Pedro, Sderot Ye’elim 38, Eilat. 08-637-9504. Closed Sunday. Open Monday-Friday 6 P.M.-11 P.M., and Saturday 2 P.M.- 11 P.M. Not kosher.
Like Amos’s, Lalo is also a small gem offering homestyle food amid the glut of tourist-oriented restaurants, one that has been on the scene for a long time. The menu here leans toward Moroccan cuisine, and includes dishes like homemade couscous with meat or fish patties (59 shekels), a terrific beef stew with soft okra (59 shekels), and a real winner – meatballs in Tunisian pkaila sauce (59 shekels), one of the best things you’ll ever eat, a stew of spinach that is cooked for hours until it is nearly black, mixed with soft white beans. Usually it is served with roast beef, but here it comes with tasty meatballs. Don’t miss it.
Lalo, Hahorev 7, Eilat. 08-633-0578. Sunday-Thursday 12 P.M. – 5 P.M. Closed Friday-Saturday. Kosher.
For years, this was the most famous fish restaurant in town, but it, too, has undergone a facelift. Now a bistro with an eclectic menu, the emphasis here is on fish and seafood, but not only. The restaurant is trying to appeal to a wider clientele. We had a wonderful bruschetta (59 shekels) of shrimp in lemon butter, asparagus and peas on bread from the excellent Broitman Bakery (more on that in an upcoming article), and a filet of sea bream with green risotto (118 shekels), which, while not particularly innovative, was certainly enjoyable. It also offers unusual breakfast options that are worth forgoing the hotel buffet for, with things like poached eggs with lamb pancetta, an asparagus sabih, and even the same shrimp bruschetta found on the evening menu. But our stomachs were still quite full the next morning.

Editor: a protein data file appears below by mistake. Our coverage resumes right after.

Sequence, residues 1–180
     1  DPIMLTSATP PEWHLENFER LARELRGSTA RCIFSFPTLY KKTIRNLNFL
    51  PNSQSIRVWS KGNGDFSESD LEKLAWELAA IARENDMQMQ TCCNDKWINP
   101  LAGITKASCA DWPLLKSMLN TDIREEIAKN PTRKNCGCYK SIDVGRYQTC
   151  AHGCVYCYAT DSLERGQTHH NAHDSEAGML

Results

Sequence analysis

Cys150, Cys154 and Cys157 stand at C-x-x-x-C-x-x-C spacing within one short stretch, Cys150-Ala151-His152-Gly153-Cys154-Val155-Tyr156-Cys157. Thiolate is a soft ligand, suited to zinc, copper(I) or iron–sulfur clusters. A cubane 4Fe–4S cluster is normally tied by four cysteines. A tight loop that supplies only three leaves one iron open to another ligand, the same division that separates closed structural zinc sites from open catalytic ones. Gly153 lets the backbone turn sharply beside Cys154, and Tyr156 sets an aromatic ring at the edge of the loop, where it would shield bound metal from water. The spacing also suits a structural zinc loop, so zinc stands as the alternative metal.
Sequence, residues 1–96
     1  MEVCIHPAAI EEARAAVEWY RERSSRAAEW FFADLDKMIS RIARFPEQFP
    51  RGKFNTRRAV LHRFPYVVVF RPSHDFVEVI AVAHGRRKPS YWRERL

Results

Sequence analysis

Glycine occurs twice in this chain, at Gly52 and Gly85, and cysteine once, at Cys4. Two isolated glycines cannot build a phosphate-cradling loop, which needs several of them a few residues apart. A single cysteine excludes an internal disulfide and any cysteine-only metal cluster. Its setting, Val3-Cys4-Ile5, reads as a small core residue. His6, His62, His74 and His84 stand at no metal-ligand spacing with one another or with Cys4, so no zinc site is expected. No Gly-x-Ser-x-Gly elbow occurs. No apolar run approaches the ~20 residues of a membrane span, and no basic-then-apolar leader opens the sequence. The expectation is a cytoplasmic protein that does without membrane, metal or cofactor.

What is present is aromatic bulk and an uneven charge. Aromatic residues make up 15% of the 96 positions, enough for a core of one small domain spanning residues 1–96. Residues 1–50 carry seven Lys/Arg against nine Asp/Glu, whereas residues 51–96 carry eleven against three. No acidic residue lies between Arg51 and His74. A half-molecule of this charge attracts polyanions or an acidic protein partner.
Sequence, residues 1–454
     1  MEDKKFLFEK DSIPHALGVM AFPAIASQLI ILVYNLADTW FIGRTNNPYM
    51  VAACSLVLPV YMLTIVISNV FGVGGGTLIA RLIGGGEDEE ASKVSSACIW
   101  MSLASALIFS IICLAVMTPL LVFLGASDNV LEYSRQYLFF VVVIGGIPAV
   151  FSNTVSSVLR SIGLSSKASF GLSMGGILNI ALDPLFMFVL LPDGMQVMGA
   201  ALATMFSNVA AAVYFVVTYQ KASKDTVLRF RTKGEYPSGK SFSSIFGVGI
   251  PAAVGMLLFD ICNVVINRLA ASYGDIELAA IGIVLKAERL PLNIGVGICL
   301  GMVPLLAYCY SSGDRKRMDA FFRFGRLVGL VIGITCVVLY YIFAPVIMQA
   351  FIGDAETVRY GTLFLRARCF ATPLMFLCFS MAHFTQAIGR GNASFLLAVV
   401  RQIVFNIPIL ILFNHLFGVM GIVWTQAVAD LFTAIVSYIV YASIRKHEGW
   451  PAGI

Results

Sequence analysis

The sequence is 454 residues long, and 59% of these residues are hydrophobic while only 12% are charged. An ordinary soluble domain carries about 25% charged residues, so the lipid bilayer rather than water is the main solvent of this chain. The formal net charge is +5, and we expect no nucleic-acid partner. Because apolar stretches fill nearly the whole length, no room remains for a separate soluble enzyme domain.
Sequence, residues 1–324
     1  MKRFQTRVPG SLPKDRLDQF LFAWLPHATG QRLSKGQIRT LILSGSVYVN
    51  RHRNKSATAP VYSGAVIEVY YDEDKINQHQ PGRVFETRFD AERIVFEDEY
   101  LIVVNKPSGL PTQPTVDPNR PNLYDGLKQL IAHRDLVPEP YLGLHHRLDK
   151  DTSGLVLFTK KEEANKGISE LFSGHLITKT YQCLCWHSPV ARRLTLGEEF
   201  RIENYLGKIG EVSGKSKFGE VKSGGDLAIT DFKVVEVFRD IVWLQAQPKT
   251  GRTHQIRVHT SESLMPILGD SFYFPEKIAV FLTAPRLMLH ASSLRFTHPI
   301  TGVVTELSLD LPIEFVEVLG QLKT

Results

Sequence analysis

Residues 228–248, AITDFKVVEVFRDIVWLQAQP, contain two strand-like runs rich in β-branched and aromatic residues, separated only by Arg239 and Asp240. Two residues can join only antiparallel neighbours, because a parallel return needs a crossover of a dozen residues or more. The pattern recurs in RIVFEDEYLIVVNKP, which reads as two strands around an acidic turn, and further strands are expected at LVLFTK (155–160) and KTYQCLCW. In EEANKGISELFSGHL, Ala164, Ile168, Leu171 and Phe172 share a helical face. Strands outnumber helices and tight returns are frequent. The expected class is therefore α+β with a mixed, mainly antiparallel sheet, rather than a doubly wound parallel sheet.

Pago Bistro, Mishol Hamayim 99, Eilat Marina. 08-637-6660. Sunday-Saturday, 12:30 P.M. – 11 P.M. Not kosher.
As the name implies, Fish Market is a fish restaurant of the sort you will find all over the country, where they start you off with a wide array of salads that are included in the price of the main course. But what would a vacation destination be without this kind of restaurant? This is an excellent example of this kind of establishment, one that illustrates why they are so popular. The salads that fill the table could be a whole meal in themselves, and the main courses are huge, too. The main course options included all the classics, like whole tilapia or mullet (99 shekels) or shrimp in a wide variety of sauces (119 shekels). It’s hard to leave here hungry or unsated, and that’s the whole idea, right?
Fish Market, Almog Beach Shopping Center, Eilat. 08-637-9830. Sunday-Saturday, 12:30 P.M. – 11 P.M. Not kosher.